Sun may shine on solar farms after all!

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It appears the sun is not about to set on solar power in Market Rasen and West Lindsey.

The Rasen Mail can reveal that a company called Market Rasen Solar Farm Ltd has been registered, which is seeking potential sites in the Rasen area.

The directors are listed as Toddington Harper and Duncan Bott, who are also directors of Belectric UK, the British offshoot of a Bavarian company which is one of the world’s largest solar farm operators.

Belectric UK development and planning manager Raoul Tuffnell told the Rasen Mail that the Market Rasen company was set up in April in anticipation of the company finding suitable sites for a solar farm in the Rasen area.

“But at this stage we don’t have a suitable site. We are trying to find a suitable site. Staff haven’t visited yet, it’s early days. They have just done desk-based work on it,” he said.

Raoul says Belectric has 11 operational solar farms in the South and the Midlands. Landowners with potential sites, say of 10-11 acres, could contact the company.

“They have to be well-screened, away from the public eye,” he added.

Earlier this month, West Lindsey District Council turned down two solar farm planning applications at Burton and Burton-by-Lincoln. Council leader Jeff Summers told the Rasen mail the proposals would have taken up too much valuable farmland.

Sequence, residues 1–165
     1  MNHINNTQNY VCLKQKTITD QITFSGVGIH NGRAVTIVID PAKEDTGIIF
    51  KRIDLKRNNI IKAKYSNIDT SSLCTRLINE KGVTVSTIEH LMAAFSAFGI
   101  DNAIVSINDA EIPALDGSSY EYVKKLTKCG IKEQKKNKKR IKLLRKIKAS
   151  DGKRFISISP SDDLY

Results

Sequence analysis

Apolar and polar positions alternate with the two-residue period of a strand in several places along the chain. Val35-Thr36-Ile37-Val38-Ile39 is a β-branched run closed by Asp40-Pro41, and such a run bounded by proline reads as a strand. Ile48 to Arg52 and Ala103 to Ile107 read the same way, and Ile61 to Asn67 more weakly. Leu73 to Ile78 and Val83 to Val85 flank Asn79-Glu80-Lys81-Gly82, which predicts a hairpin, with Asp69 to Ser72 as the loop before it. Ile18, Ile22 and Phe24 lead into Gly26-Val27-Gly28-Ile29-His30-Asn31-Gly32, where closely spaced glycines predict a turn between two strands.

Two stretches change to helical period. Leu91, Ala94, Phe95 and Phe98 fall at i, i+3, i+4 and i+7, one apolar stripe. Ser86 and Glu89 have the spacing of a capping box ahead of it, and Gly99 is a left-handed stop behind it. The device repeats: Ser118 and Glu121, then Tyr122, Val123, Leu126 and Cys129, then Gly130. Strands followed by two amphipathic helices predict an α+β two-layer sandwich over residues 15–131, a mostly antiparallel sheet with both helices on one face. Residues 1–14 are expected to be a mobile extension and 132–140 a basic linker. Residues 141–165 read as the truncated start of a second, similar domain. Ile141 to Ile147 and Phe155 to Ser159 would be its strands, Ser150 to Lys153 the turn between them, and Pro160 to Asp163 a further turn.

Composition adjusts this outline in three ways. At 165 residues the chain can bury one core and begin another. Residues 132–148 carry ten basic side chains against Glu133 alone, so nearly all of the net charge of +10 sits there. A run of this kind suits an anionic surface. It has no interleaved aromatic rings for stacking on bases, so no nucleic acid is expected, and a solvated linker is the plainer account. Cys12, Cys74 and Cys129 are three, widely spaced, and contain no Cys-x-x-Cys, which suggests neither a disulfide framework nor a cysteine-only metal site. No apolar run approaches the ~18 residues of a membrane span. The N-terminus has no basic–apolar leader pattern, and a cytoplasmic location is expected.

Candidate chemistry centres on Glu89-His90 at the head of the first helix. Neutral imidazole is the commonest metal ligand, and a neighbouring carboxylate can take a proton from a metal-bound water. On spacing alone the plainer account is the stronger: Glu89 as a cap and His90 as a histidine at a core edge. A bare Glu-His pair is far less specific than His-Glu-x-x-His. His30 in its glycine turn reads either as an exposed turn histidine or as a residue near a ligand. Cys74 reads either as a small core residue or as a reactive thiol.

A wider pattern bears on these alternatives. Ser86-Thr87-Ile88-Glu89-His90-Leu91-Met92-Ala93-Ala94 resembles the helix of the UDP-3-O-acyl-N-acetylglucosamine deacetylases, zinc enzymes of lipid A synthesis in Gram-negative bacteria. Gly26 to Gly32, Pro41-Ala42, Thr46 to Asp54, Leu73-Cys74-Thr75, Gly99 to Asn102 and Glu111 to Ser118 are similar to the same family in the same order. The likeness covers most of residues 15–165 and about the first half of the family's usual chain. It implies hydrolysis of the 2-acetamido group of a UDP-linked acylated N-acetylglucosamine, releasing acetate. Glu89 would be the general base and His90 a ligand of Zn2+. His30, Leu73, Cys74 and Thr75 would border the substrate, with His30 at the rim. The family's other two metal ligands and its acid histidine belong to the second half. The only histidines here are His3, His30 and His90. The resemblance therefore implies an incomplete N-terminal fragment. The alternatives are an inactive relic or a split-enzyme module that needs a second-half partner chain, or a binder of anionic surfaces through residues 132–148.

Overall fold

But Coun Summers saw scope for other solar projects. This comes as WLDC has also turned down wind farm proposals, such as at Hemswell Cliff.

“Solar panels are a far better bet than windfarms. I have far more confidence in solar farms producing energy. Certainly they are more pleasing to the eye. You don’t know they are there,” he said.

Already, West Lindsey District Council has approved plans for Britain’s largest solar farm at RAF Faldingworth. The project, approved in April, would see 196,000 south-facing solar modules spread across the 150 hectare site. The farm, sited on brownfield land, would generate 50MW of power, enough to generate 12,000 homes.

Work has yet to start on the project and with the company behind the project, Lunar Energy, being uncontactable, this has led to some belief the project is not going ahead.

However, a spokesman for planning consultants Barton Willmore, who has worked on the scheme, said he understood ‘Lunar Energy’ was a “development vehicle”- a “consortium of people and companies.” He believed the farm was still going ahead but was unable to confirm details as we went to press.